Investing in Pleasure: Tasting En Primeur WinesBy
Recently I was at my village wine club tasting (nothing to do with my job at The Wine Society) in the local parish rooms for a tasting. Our host Simon brought along some wines he’d bought en primeur, some from us and some from another merchant.
He wanted to see how the wines had developed and to see if buying them en primeur had ‘paid its way’ in terms of initial cost (including storage) vs how much the wines would cost now.
The wines were great (with just one that was ever so slightly past its best), and Simon had done his calculations and seen that, for those wines which he could still get, the prices now were much higher on almost all the wines.
It was a fascinating evening for me as I look after our en primeur offers at The Society and it was very reassuring to meet another wine drinker so interested in it and getting such satisfaction from the service; both in terms of value and, more importantly, pleasure from the experience.
I buy en primeur myself mainly for the enjoyment and delayed gratification of having it stored away – sometimes for decades – only to get them out, having long forgotten what I paid for them and slightly smug about being able to drink something so mature that not many others can!
So it was nice that, for the wines we had last night anyway, the numbers also made great sense…
I did come in to work the next morning feeling that what I do gives enormous amounts of pleasure to a lot of our members and it offers good value too. Oh, and none of the wines were the stellar-expensive wines you often hear about – most were in the £15-£40 bracket.
With our 2015 Rhône offer available now, it also felt like a good time to share the experience!
Fine Wine Manager
Here are some quick notes from what we tasted:
1. Three vintages of Clos Floridène Blanc, one of members’ favourite dry whites from Bordeaux.
Clos Floridène Blanc, Graves 2010
Real class here – exactly what you’d hope for from this excellent wine and vintage. The sauvignon blanc and semillon that make up the blend were in perfect balance, and this wine will still keep for some time yet.
Clos Floridène Blanc, Graves 2009
Still very good too with real class and finesse, and a long satisfying finish.
Clos Floridène Blanc, Graves 2007
Sadly this wine was just outside its drink date and should have been drunk already. It was slightly oxidised but still interesting, but its mature flavours may not be for everyone.
2. Four vintages of Vacqueyras Saint Roch from Clos de Cazaux. This family-owned southern Rhône producer is another popular name at The Society, featuring regularly in our regular and en primeur offers – not to mention being the source of our Exhibition Vacqueyras – so I was especially intrigued to taste these.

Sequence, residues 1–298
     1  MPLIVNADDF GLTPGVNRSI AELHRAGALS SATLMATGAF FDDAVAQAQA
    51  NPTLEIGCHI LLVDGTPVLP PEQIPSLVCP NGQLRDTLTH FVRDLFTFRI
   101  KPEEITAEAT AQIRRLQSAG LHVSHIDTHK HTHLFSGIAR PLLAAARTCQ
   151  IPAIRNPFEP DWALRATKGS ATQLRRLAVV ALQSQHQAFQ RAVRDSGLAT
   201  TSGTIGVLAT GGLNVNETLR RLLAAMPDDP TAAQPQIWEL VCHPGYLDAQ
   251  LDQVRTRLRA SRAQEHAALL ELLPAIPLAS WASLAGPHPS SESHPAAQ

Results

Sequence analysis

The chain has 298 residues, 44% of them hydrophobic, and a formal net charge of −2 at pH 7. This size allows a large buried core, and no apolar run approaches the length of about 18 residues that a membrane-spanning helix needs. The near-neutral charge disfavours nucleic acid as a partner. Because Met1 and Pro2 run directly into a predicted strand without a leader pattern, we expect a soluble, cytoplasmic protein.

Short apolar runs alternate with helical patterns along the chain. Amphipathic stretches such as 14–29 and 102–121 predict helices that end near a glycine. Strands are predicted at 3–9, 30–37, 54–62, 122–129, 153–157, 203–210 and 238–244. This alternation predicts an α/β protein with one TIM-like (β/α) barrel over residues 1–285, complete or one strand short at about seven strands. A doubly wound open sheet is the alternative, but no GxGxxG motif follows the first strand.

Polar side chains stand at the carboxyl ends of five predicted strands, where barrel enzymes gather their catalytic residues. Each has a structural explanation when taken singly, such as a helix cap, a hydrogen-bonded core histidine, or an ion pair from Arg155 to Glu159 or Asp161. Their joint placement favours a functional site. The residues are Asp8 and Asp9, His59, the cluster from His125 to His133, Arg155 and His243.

Vacqueyras Saint Roch, Clos de Cazaux 2010
From a great year, this is still muscular and would benefit from further ageing. You could certainly see its potential though. Keep for two more years: will make a fab bottle.
Vacqueyras Saint Roch, Clos de Cazaux 2009
Similarly young as per the 2010 and would be better kept for longer, although the 2009 was lighter in weight. Still highly enjoyable.
Vacqueyras Saint Roch, Clos de Cazaux 2008
Smoother and more mature, this was just about ready, and backed up by some appealing sweetness of fruit.
Vacqueyras Saint Roch, Clos de Cazaux 2007
Wonderful wine – for me, this is what what en primeur is all about. Totally à point, this is all chocolate and cream, with the freshness that demanded we try a second glass! Best wine of the night for me.
3. Three vintages of Château Dutruch Grand Poujeaux, a bit of a Bordeaux ‘insider’s tip’ gaining an increasingly large following for its excellent claret, which is offered at reasonable prices.
Château Dutruch Grand Poujeaux, Moulis-en-Médoc 2009
Lovely sweetness here, and quite tannic. Not typical of 2009, so without the heaviness I sometimes associate with the vintage. Good wine.
Château Dutruch Grand Poujeaux, Moulis-en-Médoc 2008
Leave a little longer: quite typical of 2008 (not my favourite vintage) in its austerity, but the quality was evident and there is more to come from this wine.
Château Dutruch Grand Poujeaux, Moulis-en-Médoc 2005
From a classic vintage, this is now ready but was drier than I thought. Slightly muscular, and would come into its own with food.
4. Two vintages of Château Suduiraut, Sauternes, one of the grandest sweet wines one can find in Bordeaux, and which still offers excellent value for its quality.
Château Suduiraut, Sauternes 2010
This is rich but also very fine with lovely balancing freshness, and will keep well. Marmalade nose and lemony freshness on the palate but rich too.
Château Suduiraut, Sauternes 1997
A lovely contrast to the 2010 with the aromas and flavours that come with maturity. A barley-sugar nose but rich on the palate, and again with good acidity. Needs drinking now but won’t go over the top for a few years. Very good indeed!